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December 2, 2012

The totally do-able 12-month plan

While I love lists and bullet points and I am pretty sure my tombstone will be engraved in powerpoint, I've never actually made a life plan before. A five-year plan is simply too much. This is a post-recession world, people. Who has a five-year plan?

But I've read the financial literature and enough self-help to fill a landfill. What I know for sure is that I hate expensive surprises and I love vacations, so I am scaling a bit smaller and making a 12-month plan.

Hello, December 2012. I heard you were in town. Rumor has it you're the last month ever. Obviously the Mayans just ran out of bricks or whatever and the world is not really ending in 21 days. Just in case, though, I only paid the minimums on my credit cards. Furthermore I had half a tamale and a Bloody Mary for breakfast so consider the source.

The 12-Month Plan
Usually people who talk about planning have certificates of self-helpism and they expect you to floss and write thank-you notes and do sit-ups and take fish oil and eat vegetables.

Not me. I'm faulty at all of the above, but I love planning. I love lists and post-it notes and even little scribbles on the back of envelopes. I plan because it gives me the illusion that I have control over a world that defies controlling. It may make no difference at all but I FEEL better, and that is quantifiable.

The purpose of this 12-month plan is to make me feel prepared, philosophical, and taller.

How and why does one make a one-year plan?
I am making this plan to plot out financial necessities and save up instead of going into debt. You can plan for fun, for obligation and for the heck of it. It's just a year -- flexible, realistic and do-able for 12 months.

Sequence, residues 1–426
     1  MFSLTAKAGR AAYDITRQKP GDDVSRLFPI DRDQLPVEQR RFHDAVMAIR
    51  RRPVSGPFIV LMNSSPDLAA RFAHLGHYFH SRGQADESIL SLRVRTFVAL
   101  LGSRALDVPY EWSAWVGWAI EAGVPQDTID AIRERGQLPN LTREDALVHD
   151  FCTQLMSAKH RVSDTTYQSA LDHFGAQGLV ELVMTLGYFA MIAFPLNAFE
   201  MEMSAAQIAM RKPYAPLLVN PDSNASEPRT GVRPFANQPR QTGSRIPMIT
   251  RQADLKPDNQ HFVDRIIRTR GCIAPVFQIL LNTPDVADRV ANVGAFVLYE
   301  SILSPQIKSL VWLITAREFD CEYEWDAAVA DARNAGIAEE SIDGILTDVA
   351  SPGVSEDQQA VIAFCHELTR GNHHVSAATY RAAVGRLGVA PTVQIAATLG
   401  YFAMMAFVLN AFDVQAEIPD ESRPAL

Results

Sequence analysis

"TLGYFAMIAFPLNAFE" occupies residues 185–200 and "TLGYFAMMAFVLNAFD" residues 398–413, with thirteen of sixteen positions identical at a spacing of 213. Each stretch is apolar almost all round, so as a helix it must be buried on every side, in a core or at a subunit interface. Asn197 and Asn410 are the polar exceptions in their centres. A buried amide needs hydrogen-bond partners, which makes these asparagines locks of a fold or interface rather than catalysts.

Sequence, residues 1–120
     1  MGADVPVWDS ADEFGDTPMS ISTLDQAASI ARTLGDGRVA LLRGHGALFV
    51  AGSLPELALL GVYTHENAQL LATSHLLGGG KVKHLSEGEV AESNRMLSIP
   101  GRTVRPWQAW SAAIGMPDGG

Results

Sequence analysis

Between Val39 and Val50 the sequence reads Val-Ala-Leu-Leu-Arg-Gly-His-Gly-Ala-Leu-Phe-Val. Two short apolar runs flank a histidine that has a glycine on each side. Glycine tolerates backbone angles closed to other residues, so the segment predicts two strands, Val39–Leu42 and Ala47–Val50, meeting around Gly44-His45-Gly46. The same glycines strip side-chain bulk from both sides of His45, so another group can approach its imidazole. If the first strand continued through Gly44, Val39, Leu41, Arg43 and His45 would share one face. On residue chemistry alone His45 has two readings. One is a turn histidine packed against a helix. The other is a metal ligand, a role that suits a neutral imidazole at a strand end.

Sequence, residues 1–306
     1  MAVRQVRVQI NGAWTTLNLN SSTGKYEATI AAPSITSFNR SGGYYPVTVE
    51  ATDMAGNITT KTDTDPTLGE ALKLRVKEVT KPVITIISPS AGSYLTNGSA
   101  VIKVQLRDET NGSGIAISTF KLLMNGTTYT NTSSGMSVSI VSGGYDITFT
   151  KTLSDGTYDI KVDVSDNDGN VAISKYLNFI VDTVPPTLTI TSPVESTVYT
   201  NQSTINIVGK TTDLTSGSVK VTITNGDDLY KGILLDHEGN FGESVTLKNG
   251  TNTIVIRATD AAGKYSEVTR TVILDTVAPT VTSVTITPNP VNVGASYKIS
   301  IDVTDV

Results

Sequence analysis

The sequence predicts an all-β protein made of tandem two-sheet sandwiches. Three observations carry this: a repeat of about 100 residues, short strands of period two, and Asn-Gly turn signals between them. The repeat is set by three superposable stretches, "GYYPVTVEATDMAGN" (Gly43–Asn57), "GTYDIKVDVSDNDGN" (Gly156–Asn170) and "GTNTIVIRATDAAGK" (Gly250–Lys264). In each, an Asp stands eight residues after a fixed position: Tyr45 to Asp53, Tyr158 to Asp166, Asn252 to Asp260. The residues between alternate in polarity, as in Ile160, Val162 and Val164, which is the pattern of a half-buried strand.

Take out a pad and paper, draw some boxes, make it twelve. For this plan I assume you have already mapped out your monthly expenses and know your fixed costs. (Check out the low-fi budget sheet if you're new to this.)

Use the 12-month map to plot out basic needs:

1) Looming life must-haves (dentist bill, car fixed, new phone, larger expenses that fall outside the fixed expenses.) Just jot it on the map. Add any details you have -- amount, date of bill, reason, whatever. This is the stuff you can't put off. Include tax time, insurance, doctor, family obligations, birthdays, whatever touchpoints are must-haves in your life. Think about commitments of time, money, or necessity. Where do you need to upgrade in your life? Is it time to start planning for a car? Computer? Lasik?

2) Happy wants. This is different from must-haves. These are nice-to-haves (a prettier coat, join a club, go on a date, hair appointment, vacation, better electronics, botox, volunteering, new kitten.) Sure, you could live without it but this is the stuff that keeps you sane, motivated, delighted. It adds function and excitement to your life road map. Ideally these goals make you happy and help bring your life picture into focus. Everyone has different wants and needs. You'll figure it out.

3) Personal desires (learn a song on the guitar, credit card paid off in X month, classes completed, paint the bedroom, 10 push-ups by June, read X books each month, one new recipe every quarter, big macs every 4th Sunday, learn basic conversational Norwegian.) Everyone has a few personal wish list items, this is your time to plot them out over the next twelve months. Don't overload. Pick just the most important. This is the future version of you, the version you want to be by year's end. The best version of you loves these goals.

That's it.

This is the process flow of 12 months at a time, a way to start planning for financial bumps and understanding which months have a heavier cost than others. You get to cross stuff out, move it to the future pile, forget it. You aren't caught off guard. You also get to see what lies ahead: Are you over scheduled before the year starts? Are you empty on happy wants? Are you a little light on personal desires?

This drawing activity got me thinking about the year I want to have ahead and what kind of life I want to shape in 2013, assuming the world doesn't end. Come next December I sure would like to know I flossed and read books and remembered my nephew's birthday. I'd also like to know I lived a little, met my obligations but didn't break myself doing it.

It's not about crossing off list items this time -- it's about projecting a picture of yourself into the future. Pick who you want to be and set about becoming that version of yourself. Distill your path into 12 boxes of movement. Plan for bumps and expenses, build in time for expansions and space to grow. Use drawing to get yourself where you want to be.

That's what I am doing. We'll see if it worked next year.

Posted by laurie at December 2, 2012 10:12 PM